The approach worked with the federal Operation Whose House investigation, which produced charges against 11 defendants last November, Dawes said. Nine have pleaded guilty, and two are fugitives.

The indictment tallied $10 million in fraud on more than 30 loans with tactics including identity theft, straw buyers, fraudulent quitclaim deeds and false documents including loan applications, bank statements and employment and W-2 forms.

Others involved include the Florida Department of Law Enforcement, the state Department of Financial Regulation, Secret Service, the State Department’s Diplomatic Security Service and the Postal Inspection Service.

Former U.S. Attorney Kendall Coffey said the new state law criminalizing mortgage fraud for the first time “is a forcible statement on the step-up that can be expected from state prosecutorial and investigative resources.”

“The magnitude of the problem is beyond the necessarily limited federal resources,” he said.

Georgia became the first state to criminalize mortgage fraud in 2005. The move capped four years of public and private partnerships among regulators, industry groups and law enforcement to dethrone the state as the national leader in mortgage fraud in prime and subprime loans.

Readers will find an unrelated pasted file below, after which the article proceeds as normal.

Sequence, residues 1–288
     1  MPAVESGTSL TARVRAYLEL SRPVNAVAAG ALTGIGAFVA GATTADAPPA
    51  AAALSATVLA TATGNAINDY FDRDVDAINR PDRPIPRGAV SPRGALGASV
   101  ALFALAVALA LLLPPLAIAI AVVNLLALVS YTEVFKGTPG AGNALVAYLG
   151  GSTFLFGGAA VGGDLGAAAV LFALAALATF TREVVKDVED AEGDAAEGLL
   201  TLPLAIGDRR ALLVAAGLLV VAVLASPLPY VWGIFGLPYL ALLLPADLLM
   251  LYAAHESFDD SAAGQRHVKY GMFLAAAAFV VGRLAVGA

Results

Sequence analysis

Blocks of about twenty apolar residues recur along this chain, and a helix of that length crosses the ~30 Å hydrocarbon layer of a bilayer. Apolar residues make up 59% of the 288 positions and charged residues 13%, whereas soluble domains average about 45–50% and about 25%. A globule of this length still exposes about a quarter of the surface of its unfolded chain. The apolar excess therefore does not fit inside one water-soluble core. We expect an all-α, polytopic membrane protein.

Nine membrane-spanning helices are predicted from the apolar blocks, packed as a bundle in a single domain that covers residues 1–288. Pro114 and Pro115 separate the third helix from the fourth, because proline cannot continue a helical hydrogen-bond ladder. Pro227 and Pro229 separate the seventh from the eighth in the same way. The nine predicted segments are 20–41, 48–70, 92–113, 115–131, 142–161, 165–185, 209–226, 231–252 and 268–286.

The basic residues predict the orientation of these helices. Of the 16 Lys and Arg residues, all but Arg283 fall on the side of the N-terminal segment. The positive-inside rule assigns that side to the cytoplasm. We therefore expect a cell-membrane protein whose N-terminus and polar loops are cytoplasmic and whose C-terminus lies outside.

Georgia dropped to fourth place in prime loans and fifth in subprime loans last year, according to the Reston, Va.-based Mortgage Asset Research Institute, which maintains a mortgage fraud database.

While federal agencies typically focus on organized fraud rings and conspiracies, Coffey said so-called single-borrower fraud marked by inflated values and “understated liability to stretch up for a purchase that the borrower can’t justify are so numerous that you need a concerted effort with state and local authorities.”

At the national level, the FBI and Mortgage Bankers Association announced a fraud-fighting partnership in March. The association estimated fraud losses totaled $946 million to $4.2 billion last year, the FBI reported.

The number of FBI fraud investigations has more than doubled from 436 in late 2002 to a current 1,036. No state breakdowns were released.

Losses in more than half of the cases are expected to exceed $1 million — primarily affecting federally insured financial institutions.

In May, the MBA asked Congress for a $31.25 million, five-year allocation to the FBI and Justice Department to fight mortgage fraud.

The funding could provide 30 FBI field agents, two prosecutors and $750,000 to assist interagency task forces in targeted areas with high fraud concentrations, an MBA report said.